Evidence is accumulating that calcium-rich microdeposits in the vascular wall might play a crucial role in the onset and progression of atherosclerosis. Here we investigated an atherosclerotic lesion of the carotid artery in an established murine model, i.e. the apolipoprotein E-deficient (APOE-/-) mouse to identify (i) the presence of microcalcifications, if any, (ii) the elemental composition of microcalcifications with special reference to calcium/phosphorus mass ratio and (iii) co-localization of increased concentrations of iron and zinc with microcalcifications. Atherosclerosis was induced by a flow-divider placed around the carotid artery resulting in low and high shear-stress regions. Element composition was assessed with a proton microprobe. Microcalcifications, predominantly present in the thickened intima of the low shear-stress region, were surrounded by areas with normal calcium levels, indicating that calcium-precipitation is a local event. The diameter of intimal microcalcifications varied from 6 to 70 μm. Calcium/phosphorus ratios of microcalcifications varied from 0.3 to 4.8, mainly corresponding to the ratio of amorphous calcium-phosphate. Increased iron and zinc concentrations commonly co-localized with microcalcifications. Our findings indicate that the atherosclerotic process in the murine carotid artery is associated with locally accumulated calcium, iron and zinc. The calcium-rich deposits resemble amorphous calcium phosphate rather than pure hydroxyapatite. We propose that the APOE-/- mouse, in which atherosclerosis was evoked by a flow-divider, offers a useful model to investigate the pathophysiological significance of accumulation of elements such as calcium, iron and zinc.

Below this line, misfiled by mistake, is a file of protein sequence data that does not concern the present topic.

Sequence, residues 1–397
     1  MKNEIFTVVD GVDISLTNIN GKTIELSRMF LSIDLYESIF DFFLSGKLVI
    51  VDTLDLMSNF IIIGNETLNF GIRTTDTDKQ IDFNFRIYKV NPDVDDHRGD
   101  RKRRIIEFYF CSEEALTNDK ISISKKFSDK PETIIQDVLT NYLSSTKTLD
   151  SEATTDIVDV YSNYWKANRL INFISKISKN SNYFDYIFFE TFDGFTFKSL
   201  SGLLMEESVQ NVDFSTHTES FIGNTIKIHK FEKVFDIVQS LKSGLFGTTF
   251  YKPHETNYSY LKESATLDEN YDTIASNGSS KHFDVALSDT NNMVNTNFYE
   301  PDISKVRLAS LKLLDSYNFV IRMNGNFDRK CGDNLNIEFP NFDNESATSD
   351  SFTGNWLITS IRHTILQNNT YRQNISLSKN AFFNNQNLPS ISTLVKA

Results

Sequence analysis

Additional Metadata
Keywords Atherosclerosis, Iron, Microcalcification, Proton microprobe, Zinc
Persistent URL dx.doi.org/10.1111/j.1365-2613.2010.00729.x, hdl.handle.net/1765/21903
Citation
Debernardi, N, Roijers, R.B, Krams, R, de Crom, M.P.G, Mutsaers, P.H, & van der Vusse, G.J. (2010). Microcalcifications in atherosclerotic lesion of apolipoprotein E-deficient mouse. International Journal of Experimental Pathology: mechanisms and models of disease, 91(6), 485–494. doi:10.1111/j.1365-2613.2010.00729.x